The Cork Gatherers

story by Jane Jolly , illustrated by Michel Streich

Learning intention:

I am learning to identify and experiment with the effects of different visual techniques so that I can develop my skills as an illustrator.


Success criteria:

  • I can discuss how drawing techniques and different uses of colour contribute to the mood of an illustration
  • I can identify differences between the artistic styles used by illustrators
  • I can create my own illustration in a particular style


Before reading the story, show the illustrations by Michel Streich to the students. Ask them what mood or feeling they get from the pictures. Students are likely to give answers such as tired, sad or hot. Ask them to give reasons for their answers. These may include:

  • Characters have their heads down (including the donkeys)
  • They seem to be carrying heavy items
  • One man is leaning against a tree, probably for a rest
  • The background colouring and sun suggests it has been a hot day

After reading the story, ask students to take the time to study the two accompanying illustrations, then scan through the other texts in the magazine to compare these with the rest of the illustrations in this issue. Point out to students that each text is illustrated by a different artist.

Have students rule a line down the middle of a page in their book. On one side ask them to write their observations about the illustrations for The Cork Gatherers. These may include:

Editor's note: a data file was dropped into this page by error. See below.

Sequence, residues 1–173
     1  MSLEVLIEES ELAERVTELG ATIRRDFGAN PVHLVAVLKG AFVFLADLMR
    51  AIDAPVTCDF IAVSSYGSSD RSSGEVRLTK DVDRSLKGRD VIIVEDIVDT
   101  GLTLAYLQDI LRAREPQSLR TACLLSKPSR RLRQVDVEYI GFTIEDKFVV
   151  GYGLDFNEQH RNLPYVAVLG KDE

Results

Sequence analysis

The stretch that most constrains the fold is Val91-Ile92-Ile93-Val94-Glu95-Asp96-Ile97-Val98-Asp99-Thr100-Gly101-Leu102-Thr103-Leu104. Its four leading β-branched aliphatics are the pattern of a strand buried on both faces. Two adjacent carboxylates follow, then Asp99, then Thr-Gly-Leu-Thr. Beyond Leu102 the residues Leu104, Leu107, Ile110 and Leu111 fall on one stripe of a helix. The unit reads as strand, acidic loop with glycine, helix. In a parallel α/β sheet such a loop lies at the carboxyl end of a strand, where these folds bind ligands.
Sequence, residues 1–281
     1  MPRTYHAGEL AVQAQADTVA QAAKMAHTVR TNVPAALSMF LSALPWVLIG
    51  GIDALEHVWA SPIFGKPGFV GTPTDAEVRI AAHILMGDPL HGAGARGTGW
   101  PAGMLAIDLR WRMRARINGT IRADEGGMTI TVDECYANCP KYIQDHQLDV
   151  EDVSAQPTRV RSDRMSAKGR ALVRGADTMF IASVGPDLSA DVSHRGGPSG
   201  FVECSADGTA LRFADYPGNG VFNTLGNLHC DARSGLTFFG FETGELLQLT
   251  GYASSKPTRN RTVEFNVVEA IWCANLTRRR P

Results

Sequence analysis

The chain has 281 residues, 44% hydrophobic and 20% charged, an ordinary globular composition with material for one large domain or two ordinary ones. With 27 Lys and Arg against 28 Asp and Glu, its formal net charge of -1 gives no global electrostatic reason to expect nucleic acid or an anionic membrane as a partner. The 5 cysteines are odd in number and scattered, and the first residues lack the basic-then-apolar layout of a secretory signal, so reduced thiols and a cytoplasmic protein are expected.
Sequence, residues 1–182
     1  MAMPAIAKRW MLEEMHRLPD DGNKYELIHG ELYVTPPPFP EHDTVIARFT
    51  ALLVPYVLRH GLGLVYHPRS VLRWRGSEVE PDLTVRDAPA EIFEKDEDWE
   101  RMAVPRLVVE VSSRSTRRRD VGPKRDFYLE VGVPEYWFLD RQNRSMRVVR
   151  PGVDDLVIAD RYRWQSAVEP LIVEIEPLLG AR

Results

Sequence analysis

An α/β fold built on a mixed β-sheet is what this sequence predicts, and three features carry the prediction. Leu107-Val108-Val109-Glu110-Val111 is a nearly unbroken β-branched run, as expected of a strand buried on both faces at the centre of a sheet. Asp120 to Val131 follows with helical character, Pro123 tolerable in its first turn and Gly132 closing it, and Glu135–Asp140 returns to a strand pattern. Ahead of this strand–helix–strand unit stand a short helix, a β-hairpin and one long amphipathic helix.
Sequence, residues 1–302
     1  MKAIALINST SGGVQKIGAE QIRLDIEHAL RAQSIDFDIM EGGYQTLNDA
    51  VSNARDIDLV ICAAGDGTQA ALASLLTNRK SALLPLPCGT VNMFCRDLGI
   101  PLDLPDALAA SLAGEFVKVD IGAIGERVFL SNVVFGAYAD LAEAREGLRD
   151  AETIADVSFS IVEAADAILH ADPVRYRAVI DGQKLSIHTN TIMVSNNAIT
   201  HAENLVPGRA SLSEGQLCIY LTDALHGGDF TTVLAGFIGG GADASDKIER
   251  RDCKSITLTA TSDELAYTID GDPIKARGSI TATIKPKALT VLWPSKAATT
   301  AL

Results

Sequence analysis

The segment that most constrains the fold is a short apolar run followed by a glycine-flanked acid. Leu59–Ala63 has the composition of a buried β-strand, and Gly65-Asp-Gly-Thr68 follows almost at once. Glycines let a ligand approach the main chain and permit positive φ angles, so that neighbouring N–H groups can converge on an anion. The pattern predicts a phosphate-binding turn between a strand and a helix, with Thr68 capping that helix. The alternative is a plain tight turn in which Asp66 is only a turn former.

• Only yellow and black are used, along with white to depict the sun
  • The black is used to create silhouettes of the characters and scenery
  • The yellow shown through the gaps in the black creates texture and depth
  • The difference in size of the characters and bark show the difference in distance of the two shots
  • The tone of the yellow captures the warmth of the air in the story
  • Shapes are used to show detail, rather than different colours.


In the other column, ask students to write about other illustrations in the magazine.  Encourage them to be specific. Answers may include:

  • The illustration in ‘Surfs Up, Way Up!’ Looks three dimensional because of the colours and tones used
  • The illustrator for Clouds has used colours and painting techniques to layer the tree over the top of the house, sky and mountains
  • The colours used in the illustration for Treasure Box Tin help create the mood and setting
  • The artist for Blue Banded Brothers uses fine detail in their illustration, including the branched hairs on the bees and the lines on the leaves.

If Issue 2 of Touchdown is available in the classroom, you may also wish to have students include the illustration from Michel Streich on page 25 in their comparisons so that two illustrations from the same artist are being compared.

Ask students if they have a preferred style of illustration in the ones they have analysed, and if so, discuss their opinions and reasoning. Have students choose one of the texts from the magazine and create their own illustration in the style of Michel Streich from this story by rereading their observations from their books.